Sunday, October 11, 2009

Manipur - Struggle For Ethnic Identity

In pre-independence India, Assam was the only state in north-eastern India and it was under the rule of the Ahom dynasty. There were many internal struggles in the region as the entire north-east had people belonging to various ethnic groups.
Ethnicity refers to a collection of characteristics such as common lineage, shared history, a common culture and language shared by a group of people.
The Ahom ruler sought the help of the British in curbing the internal strife. The British observed that there were several differences between the hill-people and the plan-people. They decided to keep them separate from one another and in 1873, they introduced the Bengal Eastern Frontier Regulation which stated that if people from the hills needed to visit the plains. they required an Inner Line Permit
Christianity spread to the hill-people of the north-easy while most of the plain people were Hindus.

After independence, Assam was the only state that existed in the North-east. The other six were autonomous hill-regions that were economically funded by the centre. However, the funding came via Assam and Assam was accused of using large parts of the fund for its own benefit. Assamese was the official language of the entire region and the other ethnic groups did not approve of this cultural hegemony.
In 1964, Nagaland was the first new state to be created in the North-East; followed by the creation of Manipur, Meghalaya and Tripura in 1972; Arunachal Pradesh and Mizoram were created only in 1987.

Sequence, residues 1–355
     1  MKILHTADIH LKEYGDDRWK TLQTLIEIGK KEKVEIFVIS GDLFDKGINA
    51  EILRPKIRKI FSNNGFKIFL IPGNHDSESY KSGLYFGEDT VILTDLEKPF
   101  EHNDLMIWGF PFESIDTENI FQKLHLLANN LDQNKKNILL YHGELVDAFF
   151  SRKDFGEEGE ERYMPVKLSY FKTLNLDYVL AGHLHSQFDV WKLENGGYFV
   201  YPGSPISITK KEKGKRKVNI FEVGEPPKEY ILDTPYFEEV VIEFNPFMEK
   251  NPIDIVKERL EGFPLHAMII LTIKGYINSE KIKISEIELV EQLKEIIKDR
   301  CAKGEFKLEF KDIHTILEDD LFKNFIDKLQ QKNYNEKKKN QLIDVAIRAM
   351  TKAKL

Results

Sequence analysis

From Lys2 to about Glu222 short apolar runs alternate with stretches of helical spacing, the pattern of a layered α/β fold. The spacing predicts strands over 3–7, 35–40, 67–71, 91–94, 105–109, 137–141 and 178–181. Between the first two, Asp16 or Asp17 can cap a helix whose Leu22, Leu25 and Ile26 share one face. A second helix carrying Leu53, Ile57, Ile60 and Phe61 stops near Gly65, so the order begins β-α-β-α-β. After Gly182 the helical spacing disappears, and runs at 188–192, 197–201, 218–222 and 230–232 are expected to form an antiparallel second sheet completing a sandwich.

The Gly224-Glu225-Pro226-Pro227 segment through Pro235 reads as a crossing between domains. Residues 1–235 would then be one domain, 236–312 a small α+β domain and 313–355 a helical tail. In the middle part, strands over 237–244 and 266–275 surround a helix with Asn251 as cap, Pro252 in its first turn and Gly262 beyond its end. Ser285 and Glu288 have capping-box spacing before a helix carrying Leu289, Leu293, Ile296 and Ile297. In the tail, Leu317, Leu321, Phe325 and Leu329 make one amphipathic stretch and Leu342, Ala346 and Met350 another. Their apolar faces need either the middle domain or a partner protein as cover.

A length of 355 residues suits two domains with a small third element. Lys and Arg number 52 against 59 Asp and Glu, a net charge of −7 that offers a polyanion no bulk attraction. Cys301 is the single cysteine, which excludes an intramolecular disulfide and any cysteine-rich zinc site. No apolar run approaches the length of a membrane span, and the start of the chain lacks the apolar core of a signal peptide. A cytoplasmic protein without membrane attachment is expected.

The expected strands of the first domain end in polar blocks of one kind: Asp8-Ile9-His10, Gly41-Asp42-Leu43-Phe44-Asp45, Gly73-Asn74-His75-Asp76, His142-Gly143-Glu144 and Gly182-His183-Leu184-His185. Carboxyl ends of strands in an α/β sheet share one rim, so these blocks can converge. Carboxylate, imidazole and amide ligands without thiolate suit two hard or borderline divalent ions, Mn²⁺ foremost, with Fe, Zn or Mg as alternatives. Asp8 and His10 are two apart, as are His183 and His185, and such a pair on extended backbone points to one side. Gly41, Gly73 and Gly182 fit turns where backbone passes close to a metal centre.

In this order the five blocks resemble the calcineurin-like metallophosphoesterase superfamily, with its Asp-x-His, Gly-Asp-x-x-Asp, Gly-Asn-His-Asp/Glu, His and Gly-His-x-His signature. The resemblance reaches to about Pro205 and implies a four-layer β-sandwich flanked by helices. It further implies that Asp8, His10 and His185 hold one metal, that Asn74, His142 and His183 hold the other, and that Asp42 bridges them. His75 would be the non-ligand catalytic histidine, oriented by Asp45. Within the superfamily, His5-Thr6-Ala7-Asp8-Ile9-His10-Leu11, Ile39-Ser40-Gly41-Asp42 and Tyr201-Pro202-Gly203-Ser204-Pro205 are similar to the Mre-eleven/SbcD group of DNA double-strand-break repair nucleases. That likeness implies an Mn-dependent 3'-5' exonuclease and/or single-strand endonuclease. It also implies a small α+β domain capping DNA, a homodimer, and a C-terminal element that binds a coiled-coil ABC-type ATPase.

There are several grievances common to all states of the North-East today.
They all have grievances with the central government as they feel that the centre extracts all the rich resources (such as oil and tea) from the North-East but the revenue generated is not used for the development of the North-East.
The north-east does not fit anywhere in the railway map of India indicating that it is cut-off from the rest of India; and very difficult to access.
Within each state in the north-easy, there are different tribes who are consistently at logger-heads with one another.
When we look at Manipur, we find that it is essentially comprising three sets of tribes - the Meitis, the Kukis and the Nagas.
The Meitis make up 60-65% of the population in Manipur. They are generally Vaishnavite Hindus and are concentrated in the plain-region. The Kukis and the Nagas accuse the Meitis for exercising a cultural dominance because what is depicted as Manipuri culture and the Manipuri language is essentially the language of the Meitis. This crushes the ethnic identity of the other two tribes.
The Nagas and the Kukis are mainly concentrated in the hill-region and Christianity is the pre-dominant religion. In the hills, the Kukis feel that the Nagar exercise more power and dominance.
Thus we see that the sub-national struggles in Manipur are essentially struggles for the assertion of an ethnic identity as each tribal group strives to maintain its independent identity.


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